Colorado Court of Appeals dismisses lawsuits in 5 power plant deaths in 2007

DENVER – The Colorado Court of Appeals has dismissed lawsuits against three companies in the deaths of five workers at a power plant in 2007.

The appeals court agreed Thursday with a judge that there was no evidence that the companies violated duties or failed to provide adequate warnings of a fire hazard.

The workers died after a fire broke out inside a pipeline at Xcel Energy’s Cabin Creek hydroelectric plant near Georgetown, about 40 miles west of Denver. The men were inside the pipeline resealing it at the time.

The workers were trapped in the tunnel when a flammable solvent they were using to clean an epoxy paint sprayer ignited on Oct. 2, 2007.

Families of the men and four injured employees sued KTA-Tator Inc., Structural Integrity Associates Inc. and Graco, Inc., claiming the companies were negligent.

The court, however, noted that the sprayer used by the workers carried a warning that “flammable fumes, such as solvent and paint fumes, in (a) work area can ignite or explode” and offered safety options.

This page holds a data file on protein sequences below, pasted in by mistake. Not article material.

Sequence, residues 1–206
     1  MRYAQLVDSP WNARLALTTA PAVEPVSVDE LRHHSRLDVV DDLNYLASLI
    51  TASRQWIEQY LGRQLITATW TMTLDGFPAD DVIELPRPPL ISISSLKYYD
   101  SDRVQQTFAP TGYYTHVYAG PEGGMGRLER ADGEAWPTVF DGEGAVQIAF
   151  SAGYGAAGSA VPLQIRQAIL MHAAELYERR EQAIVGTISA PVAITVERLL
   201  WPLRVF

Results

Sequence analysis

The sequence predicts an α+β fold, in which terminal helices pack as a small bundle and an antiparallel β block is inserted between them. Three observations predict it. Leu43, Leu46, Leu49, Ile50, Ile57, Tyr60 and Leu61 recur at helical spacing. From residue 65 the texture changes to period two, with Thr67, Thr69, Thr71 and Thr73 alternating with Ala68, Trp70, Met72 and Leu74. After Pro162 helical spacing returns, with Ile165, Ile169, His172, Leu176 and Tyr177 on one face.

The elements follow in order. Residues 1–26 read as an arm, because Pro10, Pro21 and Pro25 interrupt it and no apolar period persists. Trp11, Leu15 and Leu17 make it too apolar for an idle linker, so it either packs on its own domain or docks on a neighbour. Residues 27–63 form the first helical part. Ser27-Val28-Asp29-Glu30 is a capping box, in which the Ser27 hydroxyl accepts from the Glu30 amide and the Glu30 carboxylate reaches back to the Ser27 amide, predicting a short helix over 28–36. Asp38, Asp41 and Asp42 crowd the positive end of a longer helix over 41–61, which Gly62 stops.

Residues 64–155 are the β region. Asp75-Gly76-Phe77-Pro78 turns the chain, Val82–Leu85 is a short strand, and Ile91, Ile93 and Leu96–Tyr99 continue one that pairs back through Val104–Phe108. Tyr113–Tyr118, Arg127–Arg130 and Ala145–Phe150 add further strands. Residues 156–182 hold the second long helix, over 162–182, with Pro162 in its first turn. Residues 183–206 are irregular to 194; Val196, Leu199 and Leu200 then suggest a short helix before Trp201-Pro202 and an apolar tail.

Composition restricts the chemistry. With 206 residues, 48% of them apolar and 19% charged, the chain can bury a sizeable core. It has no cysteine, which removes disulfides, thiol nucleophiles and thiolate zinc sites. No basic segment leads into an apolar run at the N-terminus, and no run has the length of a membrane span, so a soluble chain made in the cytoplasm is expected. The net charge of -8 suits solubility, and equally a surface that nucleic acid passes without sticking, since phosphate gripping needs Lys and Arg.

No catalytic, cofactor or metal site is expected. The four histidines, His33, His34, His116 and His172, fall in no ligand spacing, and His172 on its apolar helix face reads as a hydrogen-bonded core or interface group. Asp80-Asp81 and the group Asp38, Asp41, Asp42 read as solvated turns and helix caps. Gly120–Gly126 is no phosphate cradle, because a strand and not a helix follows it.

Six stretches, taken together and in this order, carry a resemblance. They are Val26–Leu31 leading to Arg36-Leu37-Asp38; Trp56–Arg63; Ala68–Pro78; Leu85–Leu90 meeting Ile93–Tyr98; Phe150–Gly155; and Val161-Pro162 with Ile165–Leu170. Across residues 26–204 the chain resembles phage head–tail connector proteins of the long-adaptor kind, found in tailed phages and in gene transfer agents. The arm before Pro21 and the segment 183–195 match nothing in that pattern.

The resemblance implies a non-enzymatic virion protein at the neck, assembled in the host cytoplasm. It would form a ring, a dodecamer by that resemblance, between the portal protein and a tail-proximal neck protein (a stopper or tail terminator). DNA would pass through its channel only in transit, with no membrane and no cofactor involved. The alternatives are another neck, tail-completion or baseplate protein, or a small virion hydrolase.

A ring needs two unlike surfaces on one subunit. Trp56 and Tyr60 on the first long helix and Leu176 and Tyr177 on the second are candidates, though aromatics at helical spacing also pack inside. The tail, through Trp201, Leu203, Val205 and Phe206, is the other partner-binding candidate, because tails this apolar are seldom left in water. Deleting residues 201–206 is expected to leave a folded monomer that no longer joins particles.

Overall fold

The workers communicated by radio for 45 minutes with colleagues and rescue crews. But reaching them would have involved using ropes or ladders to go down a 20-foot vertical section of tunnel then along a 1,000-foot section at a 55-degree slope, to reach the horizontal section where they were located.

Rescuers tried lowering air tanks to the workers, who were overcome by smoke and fumes.

Killed were Donald Dejaynes, 43, Dupree Holt, 37, James St. Peters, 52, Gary Foster, 48, and Anthony Aguirre, 18, all of California.

A specialty painting company pleaded guilty in 2011 to five counts of violating federal workplace safety rules.

Under terms of a plea agreement, RPI Coating Inc. of Santa Fe Springs, Calif., agreed to pay $1.65 million in penalties and compensation, with most of that amount going to the victims’ families.

A judge sentenced RPI Coating to five years of probation immediately after its plea. A count of obstruction of justice and separate charges against RPI owner Philippe Goutagny and vice-president James Thompson were dismissed.

A jury in 2011 acquitted Xcel Energy of all criminal charges. The company has paid millions of dollars in compensation to the families.